by Sara Ivanhoe
Tossing and turning when you should be snoozing? You aren’t alone. More than twenty million Americans suffer from a lack of sleep. In fact, insomnia, defined simply as a “difficulty falling or staying asleep,” is one of the fastest growing epidemics in our society.
Whether you have frequent and inexplicable insomnia or just the occasional sleepless night triggered by a stressful day at the office, we all know what the next day feels like. You’re tired, irritable and your work suffers. Even your family and friends suffer because you sometimes snap at them for no apparent reason. (I officially apologize to everyone for my occasional lack-of-sleep induced outbursts!)
The tricky thing about sleep disorders is that there are so many variables that can contribute to a wakeful night. Was it something you ate? Did you work out too close to bedtime? Are there thoughts running through your head keeping you awake? But, even if you can’t pinpoint the exact cause, there are ways to help shake that sleeplessness.
Tips for a sound slumber
On a nutritional level, the number one, most important thing you can do to help your sleep is cut down on your caffeine intake. Just one cup of coffee (or other caffeinated beverage) before 10 a.m. should be fine, but nothing later. Caffeine stays in your body hours after you drink it. Unfortunately, this includes chocolate desserts, green tea and many over-the-counter cold medicines.
Think you won’t make it through the day without your frequent caffeine fix? Give it a try for a few days. We humans are amazing sources of Prana (energy) and we DO have what we need. Caffeine will actually take deplete that energy. Trust that you have, that you are enough.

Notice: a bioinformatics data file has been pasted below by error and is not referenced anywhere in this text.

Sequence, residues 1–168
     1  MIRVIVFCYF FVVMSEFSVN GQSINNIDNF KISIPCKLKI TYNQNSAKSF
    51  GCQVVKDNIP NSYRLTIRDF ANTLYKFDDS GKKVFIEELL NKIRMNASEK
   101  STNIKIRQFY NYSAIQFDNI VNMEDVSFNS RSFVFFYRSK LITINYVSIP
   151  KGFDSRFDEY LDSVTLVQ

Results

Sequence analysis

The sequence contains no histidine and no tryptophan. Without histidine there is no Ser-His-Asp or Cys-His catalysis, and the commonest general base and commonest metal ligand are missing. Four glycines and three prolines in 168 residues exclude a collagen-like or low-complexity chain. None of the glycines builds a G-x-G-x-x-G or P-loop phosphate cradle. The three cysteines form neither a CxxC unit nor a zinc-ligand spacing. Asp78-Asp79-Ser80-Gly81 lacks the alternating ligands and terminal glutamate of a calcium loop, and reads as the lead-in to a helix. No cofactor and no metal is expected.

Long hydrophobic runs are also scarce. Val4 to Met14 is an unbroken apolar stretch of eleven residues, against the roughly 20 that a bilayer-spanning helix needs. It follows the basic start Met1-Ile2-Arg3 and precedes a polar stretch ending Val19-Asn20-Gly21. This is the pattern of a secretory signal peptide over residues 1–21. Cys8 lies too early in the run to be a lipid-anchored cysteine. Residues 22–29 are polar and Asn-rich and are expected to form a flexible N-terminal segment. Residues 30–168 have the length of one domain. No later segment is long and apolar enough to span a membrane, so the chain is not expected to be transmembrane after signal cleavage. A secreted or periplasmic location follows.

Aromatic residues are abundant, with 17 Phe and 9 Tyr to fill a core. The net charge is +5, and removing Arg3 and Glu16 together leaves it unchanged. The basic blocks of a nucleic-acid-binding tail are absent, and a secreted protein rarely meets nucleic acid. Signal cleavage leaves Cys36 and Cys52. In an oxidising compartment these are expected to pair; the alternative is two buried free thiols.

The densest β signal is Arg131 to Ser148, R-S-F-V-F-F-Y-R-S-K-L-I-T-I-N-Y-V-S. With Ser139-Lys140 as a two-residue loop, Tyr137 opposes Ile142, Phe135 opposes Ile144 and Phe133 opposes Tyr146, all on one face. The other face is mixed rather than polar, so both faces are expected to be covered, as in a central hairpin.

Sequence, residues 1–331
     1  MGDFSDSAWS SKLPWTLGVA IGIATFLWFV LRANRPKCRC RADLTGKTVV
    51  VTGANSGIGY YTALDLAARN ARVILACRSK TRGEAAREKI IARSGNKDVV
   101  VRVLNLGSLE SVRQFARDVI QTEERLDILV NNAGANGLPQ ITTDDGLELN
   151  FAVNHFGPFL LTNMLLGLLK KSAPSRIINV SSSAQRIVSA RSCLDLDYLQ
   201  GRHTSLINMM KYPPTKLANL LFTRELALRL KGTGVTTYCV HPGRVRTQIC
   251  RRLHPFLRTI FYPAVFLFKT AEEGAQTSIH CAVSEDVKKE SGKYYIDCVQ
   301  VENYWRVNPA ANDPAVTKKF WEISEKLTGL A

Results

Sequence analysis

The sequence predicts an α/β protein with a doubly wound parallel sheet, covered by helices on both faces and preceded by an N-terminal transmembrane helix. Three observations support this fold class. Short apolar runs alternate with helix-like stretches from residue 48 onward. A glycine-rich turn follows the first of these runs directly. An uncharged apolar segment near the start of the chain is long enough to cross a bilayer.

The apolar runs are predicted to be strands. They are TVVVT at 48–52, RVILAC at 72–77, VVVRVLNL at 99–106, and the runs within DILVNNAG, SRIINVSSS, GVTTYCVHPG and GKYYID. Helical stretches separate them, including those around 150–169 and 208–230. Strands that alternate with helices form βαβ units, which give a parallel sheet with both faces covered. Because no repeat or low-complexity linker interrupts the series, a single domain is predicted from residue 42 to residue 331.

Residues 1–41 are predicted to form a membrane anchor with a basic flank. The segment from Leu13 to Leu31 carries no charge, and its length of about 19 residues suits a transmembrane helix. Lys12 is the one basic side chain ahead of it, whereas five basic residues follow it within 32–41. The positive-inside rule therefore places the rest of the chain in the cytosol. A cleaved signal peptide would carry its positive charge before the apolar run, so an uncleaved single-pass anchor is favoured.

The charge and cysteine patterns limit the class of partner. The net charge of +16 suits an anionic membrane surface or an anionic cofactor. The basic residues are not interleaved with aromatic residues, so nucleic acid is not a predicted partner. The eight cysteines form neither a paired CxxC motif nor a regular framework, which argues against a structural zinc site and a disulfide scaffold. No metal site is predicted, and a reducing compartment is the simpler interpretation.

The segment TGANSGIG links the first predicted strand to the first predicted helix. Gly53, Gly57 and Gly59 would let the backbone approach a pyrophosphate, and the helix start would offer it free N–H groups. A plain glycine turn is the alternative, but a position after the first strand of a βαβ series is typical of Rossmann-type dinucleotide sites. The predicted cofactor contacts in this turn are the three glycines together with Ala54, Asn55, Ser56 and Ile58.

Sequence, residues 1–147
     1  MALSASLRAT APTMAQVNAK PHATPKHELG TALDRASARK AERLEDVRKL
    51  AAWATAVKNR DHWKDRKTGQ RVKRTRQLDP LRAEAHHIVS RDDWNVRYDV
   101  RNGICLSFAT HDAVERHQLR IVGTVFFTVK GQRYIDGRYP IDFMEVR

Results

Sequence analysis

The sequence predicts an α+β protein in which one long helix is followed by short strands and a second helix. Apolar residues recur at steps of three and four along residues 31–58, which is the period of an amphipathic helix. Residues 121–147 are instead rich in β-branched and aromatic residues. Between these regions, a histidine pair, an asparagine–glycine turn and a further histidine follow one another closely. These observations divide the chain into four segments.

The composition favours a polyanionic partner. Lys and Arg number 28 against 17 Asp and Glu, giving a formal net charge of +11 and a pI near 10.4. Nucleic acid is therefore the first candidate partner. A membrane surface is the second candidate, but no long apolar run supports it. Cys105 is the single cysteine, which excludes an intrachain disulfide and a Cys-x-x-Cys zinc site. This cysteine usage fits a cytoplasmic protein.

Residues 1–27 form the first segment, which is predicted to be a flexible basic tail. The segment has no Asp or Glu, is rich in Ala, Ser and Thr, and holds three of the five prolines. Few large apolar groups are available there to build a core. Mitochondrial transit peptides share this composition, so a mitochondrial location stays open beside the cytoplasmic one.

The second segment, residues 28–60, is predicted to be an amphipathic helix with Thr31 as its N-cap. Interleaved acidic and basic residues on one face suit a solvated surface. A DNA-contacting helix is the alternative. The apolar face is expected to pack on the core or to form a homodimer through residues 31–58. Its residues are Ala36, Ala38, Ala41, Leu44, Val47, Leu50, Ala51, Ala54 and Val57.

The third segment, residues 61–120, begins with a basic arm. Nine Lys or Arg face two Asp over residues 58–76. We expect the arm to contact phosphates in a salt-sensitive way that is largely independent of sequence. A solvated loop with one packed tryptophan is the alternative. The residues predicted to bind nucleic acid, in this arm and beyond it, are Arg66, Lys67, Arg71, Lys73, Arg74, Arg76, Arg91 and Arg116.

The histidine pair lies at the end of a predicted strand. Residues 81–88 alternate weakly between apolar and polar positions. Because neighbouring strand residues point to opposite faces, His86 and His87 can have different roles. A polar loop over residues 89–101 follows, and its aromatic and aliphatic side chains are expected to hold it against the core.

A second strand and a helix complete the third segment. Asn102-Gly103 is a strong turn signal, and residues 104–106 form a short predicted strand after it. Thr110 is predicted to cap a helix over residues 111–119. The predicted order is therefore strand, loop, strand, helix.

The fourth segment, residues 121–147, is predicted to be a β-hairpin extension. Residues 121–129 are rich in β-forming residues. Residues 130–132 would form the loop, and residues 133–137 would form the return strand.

Yoga can also be a powerful sleep aid. (Isn’t yoga amazing? Used correctly it can give you energy or help calm you down. Try to get THAT from a sleeping pill!) If you’ve had trouble sleeping lately, or sense that this might be a sleepless night, try this restorative inversion:
Just before bed, lie down on your back and place your legs up a wall. Your sit bones don’t actually have to touch the wall — a few inches away is fine and will cause less strain on your back. This position will allow the blood to flow into the head (without much energetic effort on your part), creating a soothing sensation. Close your eyes and maybe put an eye pillow on as a way of transitioning into a restful state. Slow your breathing, focusing on long smooth exhales. Stay in the inversion for 5-10 minutes. Get up very slowly and carefully and sit for a few moments before crawling into bed.
Caution: Other inversions, such as headstand, handstand and forearm balance, can wake you up, so stay away from those in the evening!